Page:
There’s nothing like a cold, hard number to focus attention on an issue. The Economic and Social Research Institute (ESRI) report on the gender gap in pension income , published on Wednesday, throws into stark relief just how poorly women in the workforce fare when it comes to retirement .
The issues facing working women and pensions are not new. Too many do not have any pension arrangements outside the State pension system and, even there, the rules conspire to reduce the amount a woman is likely to receive. Data shows that when they are in work, women often work less than full-time and are more likely to take career breaks to accommodate family commitments.
Time is critical in building up pension pots. Looking at people who have already retired, the ESRI report notes that while 93 per cent of men spend more than 30 years in work, just one-third of working women do. That undermines the chances of women having pension income which matches that of men.
To make matters worse, many don’t start pensions in the first place – possibly deterred by the more fractured nature of their working lives. According to 2010 data cited by the ESRI, just 28 per cent of women open an occupational pension compared to 55 per cent of men.
But it is the bottom line figures that really bring home the scale of the problem.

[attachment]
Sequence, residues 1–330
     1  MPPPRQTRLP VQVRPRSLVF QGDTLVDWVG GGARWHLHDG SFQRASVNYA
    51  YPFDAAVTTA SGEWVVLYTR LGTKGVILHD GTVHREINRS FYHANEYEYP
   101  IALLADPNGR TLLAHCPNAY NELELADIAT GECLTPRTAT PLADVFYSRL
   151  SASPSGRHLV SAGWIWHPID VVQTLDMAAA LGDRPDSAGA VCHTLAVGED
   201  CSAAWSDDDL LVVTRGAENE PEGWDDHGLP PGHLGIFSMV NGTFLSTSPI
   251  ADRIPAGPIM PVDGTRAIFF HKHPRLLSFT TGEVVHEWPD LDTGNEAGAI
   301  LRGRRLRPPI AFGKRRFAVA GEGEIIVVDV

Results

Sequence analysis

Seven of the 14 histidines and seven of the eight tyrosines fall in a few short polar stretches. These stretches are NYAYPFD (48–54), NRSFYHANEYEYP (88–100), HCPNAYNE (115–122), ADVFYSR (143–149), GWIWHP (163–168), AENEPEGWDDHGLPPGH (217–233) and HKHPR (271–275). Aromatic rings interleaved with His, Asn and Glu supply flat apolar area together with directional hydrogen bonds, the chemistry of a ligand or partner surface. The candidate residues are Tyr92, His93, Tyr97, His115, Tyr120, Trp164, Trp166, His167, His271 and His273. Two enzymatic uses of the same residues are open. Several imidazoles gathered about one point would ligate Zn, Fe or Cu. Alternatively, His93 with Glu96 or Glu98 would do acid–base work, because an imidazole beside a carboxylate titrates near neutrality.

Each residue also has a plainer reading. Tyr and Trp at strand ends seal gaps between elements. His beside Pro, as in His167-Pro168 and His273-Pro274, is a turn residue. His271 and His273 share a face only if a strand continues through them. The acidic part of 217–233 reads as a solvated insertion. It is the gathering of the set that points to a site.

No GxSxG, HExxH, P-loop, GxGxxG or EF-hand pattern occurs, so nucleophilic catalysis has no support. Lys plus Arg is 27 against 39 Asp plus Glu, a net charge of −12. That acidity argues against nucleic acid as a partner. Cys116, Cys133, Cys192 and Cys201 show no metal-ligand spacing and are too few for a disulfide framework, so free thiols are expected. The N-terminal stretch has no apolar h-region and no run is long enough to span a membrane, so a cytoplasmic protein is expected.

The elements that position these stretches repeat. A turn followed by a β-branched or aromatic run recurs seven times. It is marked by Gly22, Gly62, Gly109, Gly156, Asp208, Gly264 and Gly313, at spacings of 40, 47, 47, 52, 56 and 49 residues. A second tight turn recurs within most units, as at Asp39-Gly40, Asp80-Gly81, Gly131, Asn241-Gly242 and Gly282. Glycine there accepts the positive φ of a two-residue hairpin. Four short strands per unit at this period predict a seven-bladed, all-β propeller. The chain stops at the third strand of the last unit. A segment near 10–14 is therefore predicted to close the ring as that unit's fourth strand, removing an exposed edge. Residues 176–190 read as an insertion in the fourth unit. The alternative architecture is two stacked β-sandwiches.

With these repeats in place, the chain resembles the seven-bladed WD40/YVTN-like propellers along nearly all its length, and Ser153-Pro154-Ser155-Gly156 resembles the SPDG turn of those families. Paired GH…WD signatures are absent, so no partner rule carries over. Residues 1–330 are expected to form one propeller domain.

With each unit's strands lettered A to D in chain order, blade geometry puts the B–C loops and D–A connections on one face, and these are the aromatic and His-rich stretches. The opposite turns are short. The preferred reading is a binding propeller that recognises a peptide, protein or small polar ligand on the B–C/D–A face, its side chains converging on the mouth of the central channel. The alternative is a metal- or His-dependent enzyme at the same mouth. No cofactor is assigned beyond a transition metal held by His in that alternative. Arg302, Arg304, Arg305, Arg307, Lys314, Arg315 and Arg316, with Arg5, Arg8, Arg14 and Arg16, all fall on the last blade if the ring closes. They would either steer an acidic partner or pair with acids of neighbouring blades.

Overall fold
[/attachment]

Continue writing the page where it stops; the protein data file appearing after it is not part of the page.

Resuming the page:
On average, women will have €153 less a week in pension income to live on than men. That’s over €650 a month or almost €8,000 a year.
And it matters. People are living longer – women even longer than men – and in better health. An income shortfall of €650 a month, albeit before tax, is more than enough to make a difference in the standard of living women can enjoy in retirement compared to men.
The ESRI’s Adele Whelan , a co-author of the report published on Wednesday, is clear in the issues that policymakers – read, the Government – must address. More women need to be brought into the workforce in the first place and, once they are there, better efforts need to be made to ensure they are not forced out. That means better and more affordable childcare (or more favourable workplace arrangements) and long-term eldercare services.
Those measures would also serve to narrow the gap in the level of contributory state pension women receive compared to men – which will remain even after the introduction of the new total contributory approach to assessing state pension entitlement from next year.
Identifying the problem is one thing. Addressing the challenge is more complex, and costly. While the gender pay gap in work is closing slowly, to date little of substance has been done to close gender gap in retirement.